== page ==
O'Brien County moves closer to beginning $1 billion wind project
Invenergy's $1 billion wind project will be based in the middle of O'Brien County.
For years, leaders in O'Brien County, Iowa, have talked about harnessing the power of the wind. Now, after more than a decade of discussion, a major energy company announced its plans to build there.
"Look around, there's wind. We have wind almost every day," said Tom Farnsworth, head of the O'Brien County supervisors.
Since 2003, O'Brien County has wanted to use its open farm land to grow opportunities to create power.
"We had all kinds of companies telling us that they wanted to put wind power up, with wind towers, because it was an ideal situation for where to put them," said Farnsworth.
But Farnsworth says something was still missing.
"Everyone had the problem of getting the power out," said Farnsworth.
County officials say one thing that's already made a big difference in getting this project off the ground is miles and miles of transmission lines.
Enter Chicago-based wind farm developer, Invenergy.
"Basically, Invenergy worked out some kind of deal with MidAmerican Energy, which owns these towers here, to hook these wind projects onto them," said Farnsworth.
County economic development director Kiana Johnson says this project would send power to areas like Chicagoland, and beyond.
"That is very appealing to think O'Brien County could provide that to larger communities throughout the United States," said Johnson.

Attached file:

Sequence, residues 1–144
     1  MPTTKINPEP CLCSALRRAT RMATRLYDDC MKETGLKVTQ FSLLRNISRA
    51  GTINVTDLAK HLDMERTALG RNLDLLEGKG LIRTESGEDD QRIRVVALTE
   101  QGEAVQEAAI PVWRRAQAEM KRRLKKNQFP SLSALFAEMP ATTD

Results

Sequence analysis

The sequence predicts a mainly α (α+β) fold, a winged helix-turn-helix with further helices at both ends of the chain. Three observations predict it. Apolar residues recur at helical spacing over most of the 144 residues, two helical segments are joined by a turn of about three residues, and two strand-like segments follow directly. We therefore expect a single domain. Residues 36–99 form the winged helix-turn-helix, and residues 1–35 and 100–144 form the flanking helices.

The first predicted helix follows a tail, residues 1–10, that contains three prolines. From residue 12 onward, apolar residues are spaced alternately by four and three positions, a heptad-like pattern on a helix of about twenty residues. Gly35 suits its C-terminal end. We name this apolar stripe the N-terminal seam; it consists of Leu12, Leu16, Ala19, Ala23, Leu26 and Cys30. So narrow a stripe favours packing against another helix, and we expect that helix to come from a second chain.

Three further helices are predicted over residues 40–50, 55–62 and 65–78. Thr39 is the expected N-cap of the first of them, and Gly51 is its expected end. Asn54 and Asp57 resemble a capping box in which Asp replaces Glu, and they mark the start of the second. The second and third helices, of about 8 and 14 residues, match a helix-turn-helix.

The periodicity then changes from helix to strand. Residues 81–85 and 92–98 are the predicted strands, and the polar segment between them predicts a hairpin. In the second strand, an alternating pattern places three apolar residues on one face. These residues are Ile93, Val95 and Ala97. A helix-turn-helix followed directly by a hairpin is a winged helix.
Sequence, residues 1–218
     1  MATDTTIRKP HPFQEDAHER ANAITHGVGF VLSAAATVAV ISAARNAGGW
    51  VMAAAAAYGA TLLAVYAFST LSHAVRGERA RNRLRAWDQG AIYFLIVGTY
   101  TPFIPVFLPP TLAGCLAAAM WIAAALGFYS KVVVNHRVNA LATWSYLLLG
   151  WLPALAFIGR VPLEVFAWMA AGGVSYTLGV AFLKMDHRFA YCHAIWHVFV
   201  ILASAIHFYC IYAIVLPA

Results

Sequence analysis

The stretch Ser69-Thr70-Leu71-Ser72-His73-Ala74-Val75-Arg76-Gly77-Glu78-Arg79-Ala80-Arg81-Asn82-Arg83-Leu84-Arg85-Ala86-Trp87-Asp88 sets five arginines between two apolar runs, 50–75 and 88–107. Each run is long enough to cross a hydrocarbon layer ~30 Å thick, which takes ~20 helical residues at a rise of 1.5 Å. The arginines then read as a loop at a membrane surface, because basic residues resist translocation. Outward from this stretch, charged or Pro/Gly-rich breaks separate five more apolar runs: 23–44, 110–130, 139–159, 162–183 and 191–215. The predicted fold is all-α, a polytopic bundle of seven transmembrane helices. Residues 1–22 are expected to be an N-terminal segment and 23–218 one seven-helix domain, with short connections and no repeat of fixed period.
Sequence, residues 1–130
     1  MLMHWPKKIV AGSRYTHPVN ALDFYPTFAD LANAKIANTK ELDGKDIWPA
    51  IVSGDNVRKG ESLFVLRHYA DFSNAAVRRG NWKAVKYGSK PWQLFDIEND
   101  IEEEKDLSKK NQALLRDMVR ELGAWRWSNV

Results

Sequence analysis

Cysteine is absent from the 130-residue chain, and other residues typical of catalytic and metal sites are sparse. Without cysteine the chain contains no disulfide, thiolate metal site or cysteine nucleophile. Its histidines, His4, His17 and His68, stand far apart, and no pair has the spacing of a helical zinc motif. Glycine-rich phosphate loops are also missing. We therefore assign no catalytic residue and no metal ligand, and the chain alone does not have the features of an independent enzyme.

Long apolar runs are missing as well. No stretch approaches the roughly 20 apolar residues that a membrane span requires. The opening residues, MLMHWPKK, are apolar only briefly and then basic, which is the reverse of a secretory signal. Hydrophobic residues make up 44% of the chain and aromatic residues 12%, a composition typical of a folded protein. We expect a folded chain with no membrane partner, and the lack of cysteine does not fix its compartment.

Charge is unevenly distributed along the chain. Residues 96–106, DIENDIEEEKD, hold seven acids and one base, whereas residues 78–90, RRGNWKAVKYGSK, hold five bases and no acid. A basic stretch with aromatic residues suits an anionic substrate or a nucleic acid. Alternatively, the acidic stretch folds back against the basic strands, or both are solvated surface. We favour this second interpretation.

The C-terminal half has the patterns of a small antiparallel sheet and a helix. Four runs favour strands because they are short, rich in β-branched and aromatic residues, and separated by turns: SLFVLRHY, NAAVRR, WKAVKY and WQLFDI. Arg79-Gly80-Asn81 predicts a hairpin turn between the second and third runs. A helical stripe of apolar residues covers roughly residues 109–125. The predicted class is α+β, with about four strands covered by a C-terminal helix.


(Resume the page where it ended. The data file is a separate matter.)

Johnson says each turbine would cost between $2 and $2.5 million. Invenergy plans to put up 215 towers throughout the middle of the county, around Highland and Central townships. Those plans would have all kinds of benefits for the county of nearly 15,000 residents.
"Construction, maintenance, management jobs that will come to O'Brien County and really opens the door for economic development," said Johnson.
New turbines would mean dozens of full and part-time jobs. Schools would stand as the biggest beneficiaries, as they receive 53 percent of the property tax revenue. Plus, at $18,000 of revenue per turbine, county leaders are already seeing a brighter future. Plus, officials say they're not going to lose their identity as farmers.
"I guess you could look at it as value added. We're going to be using the farm land to make another product in addition to the food source, we'll have wind energy that will come off of that as well," said Johnson.
County officials hope the wind energy project could be completed in the next few years. They say the turbines could be tax exempt for the first 7-10 years, so it would take that long until the county would really start to see the benefits of the project.